Arduino based Mk2 PV Diverter being resurrected


I have just rejoined the forum after a break of a few years. ( House move, no PV at “new” house .)

At the “old” house I had successfully run Robin’s Mk2 PV Diverter for several years. I had modified the system to run multiple loads on a hierarchical structure.

  1. Kettle
  2. Immersion Heater
  3. Mobile socket for any heating load:- sandwich toaster, slow cooker etc
  4. Underfloor Heating In Bathroom
  5. Heater in tumble drier
  6. Oil filled radiator for space heating

After three years I am now about to have PV installed at the “new” house - 6kW PV system with battery storage.

I am about to dig out the diverter hardware from the garage & reinstall it.

Having looked at the website recently I realise the hardware has improved & moved on. I intend to fit my basic PV Diverter for now & “modernise” later.

I also have electric car charging to incorporate.

My query is, the battery system obviously measures any “spare” power available & charges itself, I don’t know how the system works yet.


How will the PV Diverter interact & work with this system.

Will each system interfere with the other?

Will battery system have priority over the available spare power?

How can I integrate the two systems.

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Welcome back.:+1:

Robin’s system and software is still available to constructors - all the (modern) details are on his website

There’s no reason why the two or more systems won’t work together - but each must not try to steal from the other. There’s a thread running at the moment about this, and I solved a similar problem with another user some while ago.

You’ll need to make sure that all systems can accept a control hierarchy. The system with highest priority needs to be seen by the one with the lower priority as part of it’s normal domestic load, and the higher priority system must not see the dump load(s) of the lower priority system(s).

The user whom I helped had just two systems - I think battery and water heating, and his problem was the two systems oscillated, stealing power from each other alternately. I suggested that he ran the wire feeding his immersion heater backwards through the grid c.t. of the other system, so its current in the main cable was cancelled out. So it knew nothing about the immersion heater, while the immersion PV system saw the battery charger as part of the normal house load, which automatically had priority. That solved the problem.

With the overall control strategy hopefully explained:

That depends entirely how the two systems want to interact, according to the type of installation the designer of the battery system envisaged or assumed.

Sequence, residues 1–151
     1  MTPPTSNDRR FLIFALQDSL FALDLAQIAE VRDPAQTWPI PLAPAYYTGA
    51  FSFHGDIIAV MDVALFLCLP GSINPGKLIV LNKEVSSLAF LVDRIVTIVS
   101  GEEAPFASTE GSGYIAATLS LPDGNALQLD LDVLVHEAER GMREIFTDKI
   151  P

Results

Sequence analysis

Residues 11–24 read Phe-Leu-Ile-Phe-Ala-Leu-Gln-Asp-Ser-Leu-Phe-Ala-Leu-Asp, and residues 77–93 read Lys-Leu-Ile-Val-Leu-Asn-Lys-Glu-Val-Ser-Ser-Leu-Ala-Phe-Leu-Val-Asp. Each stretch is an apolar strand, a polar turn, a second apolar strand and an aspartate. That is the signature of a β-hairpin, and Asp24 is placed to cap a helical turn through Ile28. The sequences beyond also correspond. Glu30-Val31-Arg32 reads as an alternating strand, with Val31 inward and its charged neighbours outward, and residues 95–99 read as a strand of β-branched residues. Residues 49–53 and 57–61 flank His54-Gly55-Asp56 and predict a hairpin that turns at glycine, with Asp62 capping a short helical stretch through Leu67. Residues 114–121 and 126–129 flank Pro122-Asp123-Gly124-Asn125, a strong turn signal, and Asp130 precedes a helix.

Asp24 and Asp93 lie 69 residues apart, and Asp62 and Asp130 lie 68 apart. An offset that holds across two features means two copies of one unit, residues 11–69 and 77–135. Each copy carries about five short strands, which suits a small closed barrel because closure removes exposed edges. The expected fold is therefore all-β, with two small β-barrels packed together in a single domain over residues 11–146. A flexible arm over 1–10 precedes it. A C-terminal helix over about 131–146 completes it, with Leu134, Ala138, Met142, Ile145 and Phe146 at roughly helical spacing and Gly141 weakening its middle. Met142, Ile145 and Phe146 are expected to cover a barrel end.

Unless you do something like I’ve outlined, there’s every possibility of that.

If you decide that will be so, yes (given what I’ve written above).

Here’s the previous thread about a battery charger:

And the conclusion:

Hi Robert

It occurred to me that if the tails are too large in diameter to share the same CT then maybe a second CT could be used which is connected in series with the first but in anti-phase on the other tail.


Don’t forget that a c.t. is a current source. Either a larger aperture c.t. or a second, connected in parallel, would suffice. But it’s early days yet to be specifying components.

We don’t know what the single-line diagram of the installation looks like. Very much depends on the physical layout of the wiring, and that’s never installed for the convenience of advanced control & monitoring. :cry:

Well, the PV system is now installed :- 6kW of panels & 4.5kWh storage battery. Just getting used to the system & working out how it all works together. Despite the cloudy day, the battery was fully charged by lunchtime & I was exporting all afternoon.
The first thing I noticed & probably a big problem with regard to reinstalling the PV diverter is the battery system does not rely on ct’s to measure the “spare” power. Instead, I have an Eastron SDM230 Modbus export meter fitted in the meter box. This seems to sense the spare power & feeds signal back via a data cable to the hybrid inverter. It is not possible to route the diverted power cable thru this unit as suggested.
How should I proceed reinstalling the PV diverter.
In the short term I’m switching to Octopus Energy so that I can at least get paid for my export.

The only way I can see to do that would be to add a Henley Block and a new consumer unit, feeding only the diverted load, between the main isolator switch and the supplementary Eastron Modbus meter, which presumably isn’t just metering export, but is differentiating between import and export and it’s the battery system picking out the data it needs. The diverter c.t. must be upstream of the Henley block.

You might well find that the “energy bucket” the L&G meter uses is quite small, and the diverter may need tweaking to avoid overflowing the meter’s energy bucket (see for the background to this).